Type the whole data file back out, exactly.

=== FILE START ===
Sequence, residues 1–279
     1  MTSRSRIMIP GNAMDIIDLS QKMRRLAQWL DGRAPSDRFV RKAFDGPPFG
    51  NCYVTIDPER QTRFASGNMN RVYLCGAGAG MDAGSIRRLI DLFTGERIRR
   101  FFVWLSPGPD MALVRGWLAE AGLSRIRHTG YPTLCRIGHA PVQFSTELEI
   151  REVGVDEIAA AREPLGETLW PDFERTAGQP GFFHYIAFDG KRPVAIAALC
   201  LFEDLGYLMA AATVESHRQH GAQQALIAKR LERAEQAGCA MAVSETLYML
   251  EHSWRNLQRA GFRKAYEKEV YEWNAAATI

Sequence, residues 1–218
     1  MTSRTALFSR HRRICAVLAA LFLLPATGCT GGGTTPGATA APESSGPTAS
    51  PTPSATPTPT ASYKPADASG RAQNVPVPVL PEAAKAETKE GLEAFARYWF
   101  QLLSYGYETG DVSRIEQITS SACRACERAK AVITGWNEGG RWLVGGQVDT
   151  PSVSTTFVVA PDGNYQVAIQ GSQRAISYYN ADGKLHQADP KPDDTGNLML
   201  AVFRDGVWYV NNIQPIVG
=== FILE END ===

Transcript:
Sequence, residues 1–279
     1  MTSRSRIMIP GNAMDIIDLS QKMRRLAQWL DGRAPSDRFV RKAFDGPPFG
    51  NCYVTIDPER QTRFASGNMN RVYLCGAGAG MDAGSIRRLI DLFTGERIRR
   101  FFVWLSPGPD MALVRGWLAE AGLSRIRHTG YPTLCRIGHA PVQFSTELEI
   151  REVGVDEIAA AREPLGETLW PDFERTAGQP GFFHYIAFDG KRPVAIAALC
   201  LFEDLGYLMA AATVESHRQH GAQQALIAKR LERAEQAGCA MAVSETLYML
   251  EHSWRNLQRA GFRKAYEKEV YEWNAAATI

Sequence, residues 1–218
     1  MTSRTALFSR HRRICAVLAA LFLLPATGCT GGGTTPGATA APESSGPTAS
    51  PTPSATPTPT ASYKPADASG RAQNVPVPVL PEAAKAETKE GLEAFARYWF
   101  QLLSYGYETG DVSRIEQITS SACRACERAK AVITGWNEGG RWLVGGQVDT
   151  PSVSTTFVVA PDGNYQVAIQ GSQRAISYYN ADGKLHQADP KPDDTGNLML
   201  AVFRDGVWYV NNIQPIVG